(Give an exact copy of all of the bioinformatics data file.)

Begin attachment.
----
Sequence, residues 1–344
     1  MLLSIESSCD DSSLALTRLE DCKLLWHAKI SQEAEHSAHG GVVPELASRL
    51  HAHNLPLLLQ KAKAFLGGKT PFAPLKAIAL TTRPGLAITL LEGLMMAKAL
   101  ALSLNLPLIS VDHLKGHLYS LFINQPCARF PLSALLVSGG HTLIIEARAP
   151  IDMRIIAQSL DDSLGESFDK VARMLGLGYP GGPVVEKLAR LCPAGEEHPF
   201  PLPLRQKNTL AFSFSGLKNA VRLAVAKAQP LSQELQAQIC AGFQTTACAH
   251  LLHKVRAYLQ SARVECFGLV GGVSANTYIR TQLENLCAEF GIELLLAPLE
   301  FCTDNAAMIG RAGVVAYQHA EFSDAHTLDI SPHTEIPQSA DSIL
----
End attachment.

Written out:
Sequence, residues 1–344
     1  MLLSIESSCD DSSLALTRLE DCKLLWHAKI SQEAEHSAHG GVVPELASRL
    51  HAHNLPLLLQ KAKAFLGGKT PFAPLKAIAL TTRPGLAITL LEGLMMAKAL
   101  ALSLNLPLIS VDHLKGHLYS LFINQPCARF PLSALLVSGG HTLIIEARAP
   151  IDMRIIAQSL DDSLGESFDK VARMLGLGYP GGPVVEKLAR LCPAGEEHPF
   201  PLPLRQKNTL AFSFSGLKNA VRLAVAKAQP LSQELQAQIC AGFQTTACAH
   251  LLHKVRAYLQ SARVECFGLV GGVSANTYIR TQLENLCAEF GIELLLAPLE
   301  FCTDNAAMIG RAGVVAYQHA EFSDAHTLDI SPHTEIPQSA DSIL